At Public Books, Phillip Polefrone reviews Kim Stanley Robinson's new novel, New York 2140, which portrays a New York City that is partially submerged by rising sea levels caused by climate change. A central trope of the novel is liquidity, of both the watery and financial kind. As Polefrone notes, through the theme of liquidity, Robinson portrays both the capitalist processes that have devastated the planet, and the improvised social relations that point the way towards a new world. Here's an excerpt from the review:
Robinson’s latest novel is remarkable in its ability to at once combine a narrative of disaster with a bold vision of possibilities. He not only reconciles the inevitabilities of climate change with the pressing need to build systems that can withstand it but also experiments with form to underscore his theoretical arguments. While the book is for the most part gripping, it can be overwhelming at times, and this is hardly mitigated by references to arcana like the Case-Shiller index (a measure of house prices). Nonetheless, the argument implicit in Robinson’s narrative and portrayal of this world is an essential one. New York 2140 exposes the violence inflicted by finance capitalism on the planet and the life that inhabits it while also showing that any meaningful response to climate change will have to combat the financialization of the economy on finance’s own terms.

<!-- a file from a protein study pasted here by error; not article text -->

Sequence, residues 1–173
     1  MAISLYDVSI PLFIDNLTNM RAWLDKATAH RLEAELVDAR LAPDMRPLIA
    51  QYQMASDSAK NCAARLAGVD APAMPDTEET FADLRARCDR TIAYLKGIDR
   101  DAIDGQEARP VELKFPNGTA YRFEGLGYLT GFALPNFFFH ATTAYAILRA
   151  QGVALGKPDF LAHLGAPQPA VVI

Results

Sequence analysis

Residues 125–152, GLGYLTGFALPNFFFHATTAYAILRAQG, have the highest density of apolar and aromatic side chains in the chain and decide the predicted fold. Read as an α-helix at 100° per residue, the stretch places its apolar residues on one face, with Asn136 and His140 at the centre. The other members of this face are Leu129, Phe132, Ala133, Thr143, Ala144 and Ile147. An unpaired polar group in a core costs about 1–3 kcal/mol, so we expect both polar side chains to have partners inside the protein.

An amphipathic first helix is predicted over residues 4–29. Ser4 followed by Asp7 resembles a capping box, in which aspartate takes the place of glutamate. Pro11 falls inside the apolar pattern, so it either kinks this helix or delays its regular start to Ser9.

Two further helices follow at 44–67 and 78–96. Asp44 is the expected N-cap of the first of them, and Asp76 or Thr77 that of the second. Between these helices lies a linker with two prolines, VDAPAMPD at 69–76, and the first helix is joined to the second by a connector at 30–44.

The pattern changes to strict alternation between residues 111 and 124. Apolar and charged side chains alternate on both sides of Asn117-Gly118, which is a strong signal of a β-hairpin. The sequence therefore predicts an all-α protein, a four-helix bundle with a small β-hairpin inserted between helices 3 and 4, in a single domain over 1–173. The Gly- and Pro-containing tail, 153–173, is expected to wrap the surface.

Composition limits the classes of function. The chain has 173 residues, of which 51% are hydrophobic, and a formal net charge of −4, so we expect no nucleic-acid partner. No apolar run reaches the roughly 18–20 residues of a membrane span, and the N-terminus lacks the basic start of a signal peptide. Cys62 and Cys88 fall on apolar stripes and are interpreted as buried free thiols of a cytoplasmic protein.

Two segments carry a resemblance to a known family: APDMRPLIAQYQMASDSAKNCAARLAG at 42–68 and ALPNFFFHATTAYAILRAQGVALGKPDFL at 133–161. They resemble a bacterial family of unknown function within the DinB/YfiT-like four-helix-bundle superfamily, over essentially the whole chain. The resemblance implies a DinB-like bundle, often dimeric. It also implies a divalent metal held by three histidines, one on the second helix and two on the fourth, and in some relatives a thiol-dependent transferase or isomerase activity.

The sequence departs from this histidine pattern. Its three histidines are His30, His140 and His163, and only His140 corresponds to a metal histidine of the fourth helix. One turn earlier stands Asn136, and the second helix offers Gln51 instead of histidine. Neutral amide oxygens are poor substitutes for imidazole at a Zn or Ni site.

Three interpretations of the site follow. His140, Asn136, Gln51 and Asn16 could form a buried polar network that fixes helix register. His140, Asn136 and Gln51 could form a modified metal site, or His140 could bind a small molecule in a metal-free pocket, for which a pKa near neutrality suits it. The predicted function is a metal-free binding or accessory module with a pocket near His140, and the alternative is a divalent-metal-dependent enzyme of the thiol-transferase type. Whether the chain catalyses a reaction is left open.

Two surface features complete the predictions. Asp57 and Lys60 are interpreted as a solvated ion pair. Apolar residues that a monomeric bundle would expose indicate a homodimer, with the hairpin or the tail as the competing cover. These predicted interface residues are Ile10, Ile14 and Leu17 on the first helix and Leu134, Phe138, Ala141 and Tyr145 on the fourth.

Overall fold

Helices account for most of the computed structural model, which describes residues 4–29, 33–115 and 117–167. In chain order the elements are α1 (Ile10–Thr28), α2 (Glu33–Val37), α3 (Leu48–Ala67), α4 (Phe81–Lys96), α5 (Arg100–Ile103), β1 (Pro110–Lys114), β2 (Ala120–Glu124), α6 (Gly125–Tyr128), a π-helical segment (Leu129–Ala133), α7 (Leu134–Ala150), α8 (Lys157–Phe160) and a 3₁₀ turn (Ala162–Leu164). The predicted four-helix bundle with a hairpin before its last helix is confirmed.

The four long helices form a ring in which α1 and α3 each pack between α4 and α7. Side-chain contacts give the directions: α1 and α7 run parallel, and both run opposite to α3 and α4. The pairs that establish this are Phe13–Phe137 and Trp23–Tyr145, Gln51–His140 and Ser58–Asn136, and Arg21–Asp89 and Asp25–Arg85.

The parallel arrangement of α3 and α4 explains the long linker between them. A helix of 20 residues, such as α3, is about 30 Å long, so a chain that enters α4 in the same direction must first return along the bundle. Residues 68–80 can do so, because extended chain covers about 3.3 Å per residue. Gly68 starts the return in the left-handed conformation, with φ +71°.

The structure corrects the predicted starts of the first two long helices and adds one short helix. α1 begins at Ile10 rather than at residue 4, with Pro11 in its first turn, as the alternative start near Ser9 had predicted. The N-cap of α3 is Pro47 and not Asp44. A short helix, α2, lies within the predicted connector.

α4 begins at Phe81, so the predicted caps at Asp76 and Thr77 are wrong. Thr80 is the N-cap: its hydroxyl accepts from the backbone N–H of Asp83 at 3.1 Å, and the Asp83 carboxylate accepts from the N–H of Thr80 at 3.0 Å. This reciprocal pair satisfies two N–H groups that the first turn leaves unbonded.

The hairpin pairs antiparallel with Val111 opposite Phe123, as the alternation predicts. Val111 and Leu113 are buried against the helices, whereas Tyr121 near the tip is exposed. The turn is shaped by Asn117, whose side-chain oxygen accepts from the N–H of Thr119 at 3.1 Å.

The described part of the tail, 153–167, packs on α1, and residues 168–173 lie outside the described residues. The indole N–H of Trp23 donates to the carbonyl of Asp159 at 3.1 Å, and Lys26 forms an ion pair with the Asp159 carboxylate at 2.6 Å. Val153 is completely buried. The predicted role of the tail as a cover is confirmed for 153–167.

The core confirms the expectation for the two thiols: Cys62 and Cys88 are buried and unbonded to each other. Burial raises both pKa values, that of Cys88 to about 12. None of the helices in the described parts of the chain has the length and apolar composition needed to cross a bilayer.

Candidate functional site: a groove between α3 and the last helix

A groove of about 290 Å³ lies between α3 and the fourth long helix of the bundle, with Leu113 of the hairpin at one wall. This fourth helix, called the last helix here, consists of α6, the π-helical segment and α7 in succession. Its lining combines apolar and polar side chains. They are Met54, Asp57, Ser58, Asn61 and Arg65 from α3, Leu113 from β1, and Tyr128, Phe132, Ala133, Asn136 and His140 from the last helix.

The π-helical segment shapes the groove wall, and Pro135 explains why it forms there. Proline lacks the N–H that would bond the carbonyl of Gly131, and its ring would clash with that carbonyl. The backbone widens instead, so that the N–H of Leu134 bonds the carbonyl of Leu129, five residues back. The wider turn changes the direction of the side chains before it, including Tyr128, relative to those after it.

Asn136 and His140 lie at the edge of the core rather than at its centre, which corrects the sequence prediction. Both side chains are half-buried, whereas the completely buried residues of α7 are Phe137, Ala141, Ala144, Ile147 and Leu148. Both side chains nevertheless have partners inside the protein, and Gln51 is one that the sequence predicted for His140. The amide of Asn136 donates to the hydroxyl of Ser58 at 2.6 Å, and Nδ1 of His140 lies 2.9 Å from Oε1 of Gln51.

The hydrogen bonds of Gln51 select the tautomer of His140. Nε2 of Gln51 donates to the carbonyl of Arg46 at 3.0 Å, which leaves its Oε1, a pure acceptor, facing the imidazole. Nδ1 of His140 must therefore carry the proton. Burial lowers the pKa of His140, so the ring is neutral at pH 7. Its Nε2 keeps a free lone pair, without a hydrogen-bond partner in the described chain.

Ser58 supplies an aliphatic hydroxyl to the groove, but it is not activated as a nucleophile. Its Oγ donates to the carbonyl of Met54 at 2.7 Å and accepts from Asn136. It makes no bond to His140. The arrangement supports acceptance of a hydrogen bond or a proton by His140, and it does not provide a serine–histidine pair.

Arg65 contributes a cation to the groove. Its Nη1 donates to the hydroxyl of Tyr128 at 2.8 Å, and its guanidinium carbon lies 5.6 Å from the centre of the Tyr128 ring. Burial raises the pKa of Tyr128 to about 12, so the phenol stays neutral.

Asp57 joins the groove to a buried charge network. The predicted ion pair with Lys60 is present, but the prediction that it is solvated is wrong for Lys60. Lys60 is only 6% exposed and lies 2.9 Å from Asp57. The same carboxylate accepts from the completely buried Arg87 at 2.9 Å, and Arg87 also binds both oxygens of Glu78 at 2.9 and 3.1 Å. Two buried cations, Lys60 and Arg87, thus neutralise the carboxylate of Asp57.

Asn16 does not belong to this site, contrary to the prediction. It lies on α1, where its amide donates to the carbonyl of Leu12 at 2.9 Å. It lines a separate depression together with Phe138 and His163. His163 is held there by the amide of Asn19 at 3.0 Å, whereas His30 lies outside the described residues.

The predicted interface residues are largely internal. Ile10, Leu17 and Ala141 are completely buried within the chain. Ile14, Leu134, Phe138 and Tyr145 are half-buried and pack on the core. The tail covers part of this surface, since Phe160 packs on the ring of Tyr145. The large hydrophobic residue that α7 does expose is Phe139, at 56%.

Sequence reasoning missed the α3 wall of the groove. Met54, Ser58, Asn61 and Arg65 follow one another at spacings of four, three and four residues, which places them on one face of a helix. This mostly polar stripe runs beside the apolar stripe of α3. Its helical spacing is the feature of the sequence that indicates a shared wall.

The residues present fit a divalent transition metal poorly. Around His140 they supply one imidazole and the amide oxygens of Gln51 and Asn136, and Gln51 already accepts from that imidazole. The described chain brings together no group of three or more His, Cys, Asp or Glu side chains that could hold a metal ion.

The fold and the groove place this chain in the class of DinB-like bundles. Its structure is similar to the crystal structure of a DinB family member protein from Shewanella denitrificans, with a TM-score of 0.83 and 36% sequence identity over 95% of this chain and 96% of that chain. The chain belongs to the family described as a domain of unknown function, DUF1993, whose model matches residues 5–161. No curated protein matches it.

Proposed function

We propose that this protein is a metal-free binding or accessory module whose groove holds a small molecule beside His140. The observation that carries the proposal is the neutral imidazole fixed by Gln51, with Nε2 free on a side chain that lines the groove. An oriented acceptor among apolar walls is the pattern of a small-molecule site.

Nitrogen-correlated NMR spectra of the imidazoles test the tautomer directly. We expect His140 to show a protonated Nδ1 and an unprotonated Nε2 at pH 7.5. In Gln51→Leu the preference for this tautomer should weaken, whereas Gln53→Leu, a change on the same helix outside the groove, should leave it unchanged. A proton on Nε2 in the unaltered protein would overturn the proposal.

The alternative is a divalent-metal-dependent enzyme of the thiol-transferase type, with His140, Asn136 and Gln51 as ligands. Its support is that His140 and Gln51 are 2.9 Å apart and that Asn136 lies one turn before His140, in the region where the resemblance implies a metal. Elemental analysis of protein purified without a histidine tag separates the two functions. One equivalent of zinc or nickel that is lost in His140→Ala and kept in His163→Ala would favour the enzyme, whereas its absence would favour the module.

Finding a way to fight such an ephemeral enemy is the daunting task of Robinson’s characters, who become wonk-revolutionaries almost accidentally. The plot centers on 10 figures, all of whom live in the Met Life building on 23rd Street (now a cooperative affectionately called “the Met”), as they half-heartedly join forces to locate two former residents known as “quants” (quantitative financial analysts), who have gone missing after an errant foray into hacktivism. This search becomes entangled with a mysterious bid to purchase the Met from its residents as well as suspicious efforts to sabotage its waterproofing that begin when they refuse to sell.
In order to resist the takeover, the residents realize, they have to go on the offensive. Nothing short of plugging the holes in capitalism itself will do. A visitor asks Charlotte Armstrong, de facto leader of the resistance, “So to save your co-op from a takeover you would destroy the entire global economic system?” Charlotte responds, succinctly, “Yes.”
Image of Kim Stanley Robinson via electricliterature.com.